Bolero Opus 26 No 1
Raffaelle Calace, 1898
1929 Gibson F5 Fern Mandolin
The F-5s from the
late 1920s are called "Ferns." But many of the design specs were done by Lloyd Loar.
Lloyd Allayre Loar (January 9, 1886 – September 14, 1943) was a Gibson sound engineer and master luthier in the early part of the 20th century. He is most famous for his F5 model mandolin, L5 guitar, H5 mandola, K5 mandocello, and A5 mandolin.
Loar worked for Gibson from 1919 to 1924. His contributions include building the instrument top with F-shaped holes like a violin, introducing a longer neck, thus moving the bridge closer to the center of the body, and floating the fingerboard over the top - - a change from prior Gibson instruments that had fingerboards fused to the top. He also pioneered the use of the Virzi Tone Producer, a spruce disc suspended from the instrument top that acts as a supplemental soundboard.
When the popularity of the mandolin and mandolin orchestras diminished, sales at Gibson went down. Many of the late 1920 Ferns were made from parts left over from the Loar era. Some people call these Ferns a "poor man's Loar".
I traded, in part, my 1936 Gibson F-5 and a nice Charlie Derrington signed 2002 Master Model F-5 to Bobby Clark for this in 2012. Mandolinist and guitar builder Clark won the National Mandolin Championship in Winfield, Kansas, the Buck White International Mandolin Championship in Kerrville, Texas, and the World Mandolin Championship in Des Moines, Iowa. He had purchased the mandolin around 1972 and was his main axe for 40 years. Vince Gill owned it briefly, but Bobby bought it back. It's all original except for the pickguard. The late great Charlie Derrington (also in the Nashville Mandolin Ensemble) built the abbreviated pickguard for my 1937 F-5.
1924 Gibson K-2 Mando Cello
1980s Classical M. Horabe Model 35 Guitar
Unknown maker 1940s Upright Bass
Raffaele Calace (1863 – 1934) was an Italian mandolin player, composer and luthier.
He was born in Naples, Italy as the son of Antonio Calace, a successful instrument maker. Raffaele was initially trained to become a musician. At the same time, he discovered the possibilities of the mandolin and soon he became an unequaled mandolin virtuoso. After Raffaele Calace graduated with the highest honour at the Regio Conservatorio di Musica in Naples, his main intention was to give the mandolin a full and honourable place in music. To achieve this, he toured Europe and Japan giving countless concerts on the Neapolitan mandolin and the liuto cantabile. It is believed that this bass variant in the Mandolin family was initially created by the famous Neapolitan luthiers of the Vinaccia family in the last decade of the 19th century and that it was perfected by Raffaele Calace himself. Raffaele Calace made three long-playing records on which he is heard as one of the greatest mandolin virtuosos and an unequaled performer on the liuto cantabile.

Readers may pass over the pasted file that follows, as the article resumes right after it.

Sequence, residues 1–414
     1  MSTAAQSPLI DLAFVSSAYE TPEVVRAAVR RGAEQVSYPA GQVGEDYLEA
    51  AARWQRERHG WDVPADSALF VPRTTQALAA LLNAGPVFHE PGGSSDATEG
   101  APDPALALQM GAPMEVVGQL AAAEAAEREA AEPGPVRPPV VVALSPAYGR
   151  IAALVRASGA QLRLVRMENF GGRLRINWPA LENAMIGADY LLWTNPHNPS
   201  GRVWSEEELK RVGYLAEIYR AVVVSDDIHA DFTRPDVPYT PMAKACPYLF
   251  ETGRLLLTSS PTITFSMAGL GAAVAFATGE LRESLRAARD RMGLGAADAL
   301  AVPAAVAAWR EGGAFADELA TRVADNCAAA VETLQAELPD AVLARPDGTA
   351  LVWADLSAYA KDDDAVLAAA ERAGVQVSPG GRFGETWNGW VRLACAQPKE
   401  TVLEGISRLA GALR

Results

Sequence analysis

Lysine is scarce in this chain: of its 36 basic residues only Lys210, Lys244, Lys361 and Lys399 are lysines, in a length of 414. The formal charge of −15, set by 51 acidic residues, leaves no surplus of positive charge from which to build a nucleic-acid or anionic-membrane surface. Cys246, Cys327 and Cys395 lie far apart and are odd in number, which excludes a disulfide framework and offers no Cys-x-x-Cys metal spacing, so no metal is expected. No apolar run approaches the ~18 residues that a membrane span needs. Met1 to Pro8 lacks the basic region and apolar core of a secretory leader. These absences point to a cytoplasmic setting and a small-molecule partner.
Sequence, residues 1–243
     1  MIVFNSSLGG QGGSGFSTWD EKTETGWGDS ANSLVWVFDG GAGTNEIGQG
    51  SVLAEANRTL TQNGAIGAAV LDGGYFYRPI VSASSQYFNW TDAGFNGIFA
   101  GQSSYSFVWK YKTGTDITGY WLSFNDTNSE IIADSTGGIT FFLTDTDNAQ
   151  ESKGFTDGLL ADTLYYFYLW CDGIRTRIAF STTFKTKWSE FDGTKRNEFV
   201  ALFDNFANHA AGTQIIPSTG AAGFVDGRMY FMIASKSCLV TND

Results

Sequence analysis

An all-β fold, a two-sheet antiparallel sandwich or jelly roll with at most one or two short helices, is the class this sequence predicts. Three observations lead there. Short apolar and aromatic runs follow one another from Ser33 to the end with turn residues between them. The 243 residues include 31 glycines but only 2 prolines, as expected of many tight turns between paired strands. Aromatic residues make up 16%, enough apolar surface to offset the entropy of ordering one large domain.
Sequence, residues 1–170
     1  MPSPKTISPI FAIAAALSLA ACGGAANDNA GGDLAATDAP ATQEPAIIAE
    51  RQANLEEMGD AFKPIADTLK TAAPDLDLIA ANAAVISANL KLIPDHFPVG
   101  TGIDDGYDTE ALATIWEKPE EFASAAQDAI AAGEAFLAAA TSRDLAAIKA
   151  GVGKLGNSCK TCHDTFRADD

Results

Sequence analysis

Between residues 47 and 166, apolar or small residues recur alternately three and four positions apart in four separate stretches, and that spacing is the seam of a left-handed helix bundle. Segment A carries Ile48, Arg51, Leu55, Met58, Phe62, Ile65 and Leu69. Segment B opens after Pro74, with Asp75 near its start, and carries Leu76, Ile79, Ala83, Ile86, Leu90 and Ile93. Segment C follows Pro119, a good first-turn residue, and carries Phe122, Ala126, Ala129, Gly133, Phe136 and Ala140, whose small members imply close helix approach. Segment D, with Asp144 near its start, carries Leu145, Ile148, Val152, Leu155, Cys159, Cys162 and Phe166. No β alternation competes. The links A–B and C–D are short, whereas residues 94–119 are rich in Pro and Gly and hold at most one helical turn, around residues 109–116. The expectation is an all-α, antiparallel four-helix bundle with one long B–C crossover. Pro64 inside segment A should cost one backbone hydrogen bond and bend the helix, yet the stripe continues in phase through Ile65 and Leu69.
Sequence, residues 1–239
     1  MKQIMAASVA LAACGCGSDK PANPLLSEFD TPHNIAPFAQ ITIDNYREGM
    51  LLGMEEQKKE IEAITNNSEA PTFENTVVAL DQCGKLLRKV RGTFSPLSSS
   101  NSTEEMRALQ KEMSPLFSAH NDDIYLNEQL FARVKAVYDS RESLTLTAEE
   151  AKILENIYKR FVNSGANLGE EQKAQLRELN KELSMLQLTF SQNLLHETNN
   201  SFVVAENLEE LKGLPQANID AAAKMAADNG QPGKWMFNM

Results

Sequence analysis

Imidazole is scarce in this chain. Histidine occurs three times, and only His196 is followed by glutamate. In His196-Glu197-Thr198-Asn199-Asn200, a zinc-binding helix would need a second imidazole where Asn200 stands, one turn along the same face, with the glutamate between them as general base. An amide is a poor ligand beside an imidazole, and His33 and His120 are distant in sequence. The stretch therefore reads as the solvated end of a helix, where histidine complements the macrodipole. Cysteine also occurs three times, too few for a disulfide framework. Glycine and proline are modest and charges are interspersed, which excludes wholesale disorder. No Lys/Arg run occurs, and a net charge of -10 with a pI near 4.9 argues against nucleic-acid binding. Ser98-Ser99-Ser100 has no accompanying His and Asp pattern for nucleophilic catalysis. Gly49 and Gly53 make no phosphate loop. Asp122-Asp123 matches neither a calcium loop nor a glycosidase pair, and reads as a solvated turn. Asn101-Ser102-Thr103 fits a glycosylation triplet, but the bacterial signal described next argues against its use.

Raffaele Calace wrote about 200 compositions that belong to the most beautiful and technically demanding works written for the mandolin. Either concert works for mandolin solo or compositions for mandolin in combination with other instruments like duets with piano; trio combinations with mandola and guitar; the Romantic Mandolin Quartet (mandolin 1 & 2, mandola, and guitar); quintets up to/and Concerts for mandolin solo with Orchestra etc.. Calace also wrote pedagogical works, among which are his highly praised mandolin method, Schule für Mandoline, and the method for playing the liuto cantabile. The mandolin method was published in 1910 and elaborates on the 18th-century Italian mandolin tutors by Giovanni Battista Gervasio (c. 1725–c. 1785), Gabriele Leone (c. 1725–c. 1790) and others and it clearly shows the development of the traditional Italian playing style. The Calace school can also be seen as a bridge between other modern methods for mandolin as there are for instance those by Raffaele Calace's fellow countryman Silvio Ranieri (1882-1956), a Roman virtuoso who had settled in Brussels and the American-based Italian mandolinist Giuseppe Pettine (1874-1966).
Raffaele Calace and his brother Nicola Calace (1859-1923) were, besides their activities as musicians, also recognized as excellent makers of the instruments of the Neapolitan mandolin family. They introduced improvements in the building techniques and modernized the Neapolitan mandolin by, among other features, enlarging its sound box and - like the Roman master luthier Luigi Embergher - applying a fingerboard that extended over the sound hole to enlarge the range of the mandolin. When Nicola Calace emigrated to the U.S.A. in 1898, Raffaele continued the Calace workshop with his daughter Maria, a gifted mandolin player as well, and his son Giuseppe Calace. Today the Calace atelier is run by Calace's grandson Raffaele Jr.